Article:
The cultural appetite for all things local continues unabated. Of interest, the ability to source local products from highly fragmented producers dotting the American countryside is increasingly moving toward a new level of aggregation and scale with Web portals like FoodHub and LocalHarvest. On the tactical front of sourcing local at scale, we were pleased to see one of the most impressive examples of local sourcing and sustainability efforts, Bon Appétit Management Company profiled recently by Mark Bittman in the New York Times
Hartman Group recently spoke with Maisie Greenawalt, vice president of Strategy at Bon Appétit Management Company.
Hartman Group (HG): Could you tell us about your foragers? How many of them are there and what are they doing?
Greenawalt: There are 14 of them across the country. They're existing Bon Appétit employees—some chefs, some managers—who had a particular interest in finding and signing up new vendors for our Farm to Fork program, the local purchasing initiative we started in 1999. The foragers also act as clearinghouses for Farm to Fork information for that region. For example, if a chef at a nearby account is looking for a Farm to Fork olive oil producer in California, the regional forager can put him in touch with a current supplier, or if there isn't one, track one down and get them signed up.
The forager is both a conduit for information and a knowledge center. They're keeping their eyes open, going to farmers' markets, looking at web sites, talking to associations, always looking for new and interesting types of products that maybe chefs haven't thought about before in terms of what might be available locally.
HG: Local continues to gather scale, with retailers and restaurants increasingly talking about sourcing locally. As a part of that, are you seeing increased competition at your locations and cafés for supply? Last time we spoke, some of the scale you described was very impressive—you were exhausting the amount of chicken in a region.
Greenawalt: Well, things are still progressing. When you talk about local food growing in popularity, there's a unique component to our Farm to Fork program, in that we're not just talking about distance, we're also talking about scale of operations. So, our Farm to Fork suppliers must be within 150 miles of the kitchen they're serving; they must be owner operated and have sales under $5 million (most of ours are way under that).
For the most part, we're not in competition for these farms' products because we're dealing with smaller-scale producers than many retailers or manufacturers would be interested in dealing with. We do have to compete with independent restaurants, which are more the scale of our accounts. But, we're a great customer; we're an established company that always pays its bills, orders consistent amounts, etc. So the farmer has a lot to gain by dealing with us as opposed to independent businesses that might ebb and flow more.
HG: So you've chosen an approach that focuses on smaller independent producers. This fits with your location-specific scheme where each location makes its own choices and acts accordingly?
Greenawalt: Right. For us, it's really about trying to rebuild the regional food system. So scale is really important — it's not just about distance. When we started talking about "local" (and by 'we' I mean Bon Appétit and the food movement), we were worrying about "food miles" — the distance traveled by our food from field to plate — and the pollution and carbon emissions that come from food miles. And what we've learned since then—we've been at this for over a decade—is that actually food miles aren't really a good proxy for sustainability.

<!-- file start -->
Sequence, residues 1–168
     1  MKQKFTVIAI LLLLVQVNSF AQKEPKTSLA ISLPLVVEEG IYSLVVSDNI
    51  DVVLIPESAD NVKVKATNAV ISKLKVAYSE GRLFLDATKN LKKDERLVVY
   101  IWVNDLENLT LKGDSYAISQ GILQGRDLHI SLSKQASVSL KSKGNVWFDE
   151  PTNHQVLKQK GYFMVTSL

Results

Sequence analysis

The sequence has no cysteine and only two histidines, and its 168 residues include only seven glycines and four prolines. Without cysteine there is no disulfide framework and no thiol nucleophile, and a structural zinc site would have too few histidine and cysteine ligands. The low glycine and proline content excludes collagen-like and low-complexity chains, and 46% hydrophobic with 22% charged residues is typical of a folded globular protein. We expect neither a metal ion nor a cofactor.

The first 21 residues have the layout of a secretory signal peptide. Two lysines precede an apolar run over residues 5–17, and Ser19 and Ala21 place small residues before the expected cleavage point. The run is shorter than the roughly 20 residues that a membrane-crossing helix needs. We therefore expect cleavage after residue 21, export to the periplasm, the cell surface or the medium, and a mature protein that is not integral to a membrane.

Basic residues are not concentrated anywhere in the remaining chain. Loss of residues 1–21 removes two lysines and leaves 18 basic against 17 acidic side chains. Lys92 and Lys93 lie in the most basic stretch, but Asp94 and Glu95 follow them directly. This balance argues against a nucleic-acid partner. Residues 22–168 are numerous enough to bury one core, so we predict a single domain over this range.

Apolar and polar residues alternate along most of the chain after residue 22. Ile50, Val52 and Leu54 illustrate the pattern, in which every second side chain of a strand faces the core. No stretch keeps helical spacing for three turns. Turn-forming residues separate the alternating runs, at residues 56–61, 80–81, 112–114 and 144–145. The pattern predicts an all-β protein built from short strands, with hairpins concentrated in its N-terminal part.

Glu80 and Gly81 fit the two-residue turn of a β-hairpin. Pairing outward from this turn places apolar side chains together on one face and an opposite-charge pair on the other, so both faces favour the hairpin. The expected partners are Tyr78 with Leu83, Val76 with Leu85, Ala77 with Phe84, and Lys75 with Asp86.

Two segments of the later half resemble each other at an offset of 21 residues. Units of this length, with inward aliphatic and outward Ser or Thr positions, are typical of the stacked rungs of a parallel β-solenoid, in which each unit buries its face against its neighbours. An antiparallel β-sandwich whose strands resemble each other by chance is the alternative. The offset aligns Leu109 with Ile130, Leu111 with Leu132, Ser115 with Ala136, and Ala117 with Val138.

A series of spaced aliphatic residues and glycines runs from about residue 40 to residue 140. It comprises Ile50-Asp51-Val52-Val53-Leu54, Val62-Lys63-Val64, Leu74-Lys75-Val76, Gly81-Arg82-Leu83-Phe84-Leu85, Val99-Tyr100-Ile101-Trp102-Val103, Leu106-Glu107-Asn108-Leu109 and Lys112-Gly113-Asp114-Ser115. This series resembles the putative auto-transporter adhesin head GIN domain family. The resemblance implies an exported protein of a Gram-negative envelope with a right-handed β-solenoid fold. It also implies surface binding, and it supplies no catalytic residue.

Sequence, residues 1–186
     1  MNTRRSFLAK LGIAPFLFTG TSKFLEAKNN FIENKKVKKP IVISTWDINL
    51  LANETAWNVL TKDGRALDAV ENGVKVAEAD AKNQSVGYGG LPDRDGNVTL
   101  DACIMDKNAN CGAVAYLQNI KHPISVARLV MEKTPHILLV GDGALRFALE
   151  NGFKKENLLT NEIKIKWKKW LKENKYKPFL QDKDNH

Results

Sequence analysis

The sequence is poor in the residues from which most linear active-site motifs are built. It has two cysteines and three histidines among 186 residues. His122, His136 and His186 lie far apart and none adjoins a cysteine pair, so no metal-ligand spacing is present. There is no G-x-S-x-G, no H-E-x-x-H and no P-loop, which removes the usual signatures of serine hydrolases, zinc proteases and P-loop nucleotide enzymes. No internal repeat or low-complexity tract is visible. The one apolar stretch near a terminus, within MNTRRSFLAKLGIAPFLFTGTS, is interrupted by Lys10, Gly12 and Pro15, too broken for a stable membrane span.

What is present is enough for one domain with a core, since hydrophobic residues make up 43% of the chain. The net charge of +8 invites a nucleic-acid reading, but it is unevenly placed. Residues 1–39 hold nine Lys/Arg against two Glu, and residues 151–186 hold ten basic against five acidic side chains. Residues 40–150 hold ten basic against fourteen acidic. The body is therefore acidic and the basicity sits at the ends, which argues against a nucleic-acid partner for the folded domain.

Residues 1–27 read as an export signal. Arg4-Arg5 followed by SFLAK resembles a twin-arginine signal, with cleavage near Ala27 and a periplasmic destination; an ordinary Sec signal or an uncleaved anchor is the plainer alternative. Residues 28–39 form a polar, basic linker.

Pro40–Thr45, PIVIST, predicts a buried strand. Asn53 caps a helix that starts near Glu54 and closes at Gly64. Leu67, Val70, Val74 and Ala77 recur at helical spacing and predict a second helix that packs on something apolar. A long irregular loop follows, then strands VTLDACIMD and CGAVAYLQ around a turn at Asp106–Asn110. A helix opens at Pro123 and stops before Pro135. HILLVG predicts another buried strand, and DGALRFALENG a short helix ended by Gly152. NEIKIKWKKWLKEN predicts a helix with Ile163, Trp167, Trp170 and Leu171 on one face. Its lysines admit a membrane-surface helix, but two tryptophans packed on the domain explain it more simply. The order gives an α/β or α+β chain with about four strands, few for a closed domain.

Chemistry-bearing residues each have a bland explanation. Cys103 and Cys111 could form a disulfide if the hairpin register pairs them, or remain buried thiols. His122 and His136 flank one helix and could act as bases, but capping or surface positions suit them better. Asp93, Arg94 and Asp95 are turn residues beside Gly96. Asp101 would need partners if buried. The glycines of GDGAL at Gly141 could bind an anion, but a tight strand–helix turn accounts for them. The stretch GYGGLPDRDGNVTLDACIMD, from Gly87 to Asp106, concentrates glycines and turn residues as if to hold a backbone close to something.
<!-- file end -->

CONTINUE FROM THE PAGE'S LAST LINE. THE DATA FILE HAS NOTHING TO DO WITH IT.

Food miles don't translate into total carbon emissions. In fact, regional systems can be more efficient than local systems if you're looking at carbon emissions, for example. So while we can't discount food miles as a factor, it's not the only factor.
HG: Related to scale, what do you think about Web portals like FoodHub.org or Local Harvest.org as a means of consolidating and aggregating fragmented food producers?
Greenawalt: All of our accounts in the Northwest are members of FoodHub. I think that the local food movement absolutely needs aggregation, and that can either be aggregation of information, like FoodHub, or aggregation of distribution, like Red Tomato.
There have been a lot of attempts at aggregation, some more successful than others; and while I think that aggregation is critical, I don't think it's a one-size-fits-all solution. I think that in different regions, you need different types of aggregators. For example, in the Bay Area our main produce company is happy to act as an aggregator for small farmers for us, but five years ago that wasn't true. Local has become so popular that they understand that in order to keep their own business current, they need to be able to offer small-scale local products.
HG: So, consolidating local is a region-by-region situation that's evolving.
Greenawalt: Yes, it seems like this is changing quickly, and we're in an evolving marketplace for these products. That's why it's important to have these forager positions—because we couldn't possibly sit in Palo Alto and understand what's going on in each subregion in which we operate. We have to have people on the ground who are empowered and making decisions for their area. One of our core beliefs is that a group of people gathered around the same passion will make good decisions.
Melissa Abbott, Hartman Group’s Director of Culinary Insights, dishes up the latest in food culture and its impact on the food industry. Hartman Group is a leading consumer culture consultancy and primary research firm utilizing a multidisciplinary approach to understand consumers, identify growth opportunities, re-energize brands, create relevant experiences and fuel strategic thinking.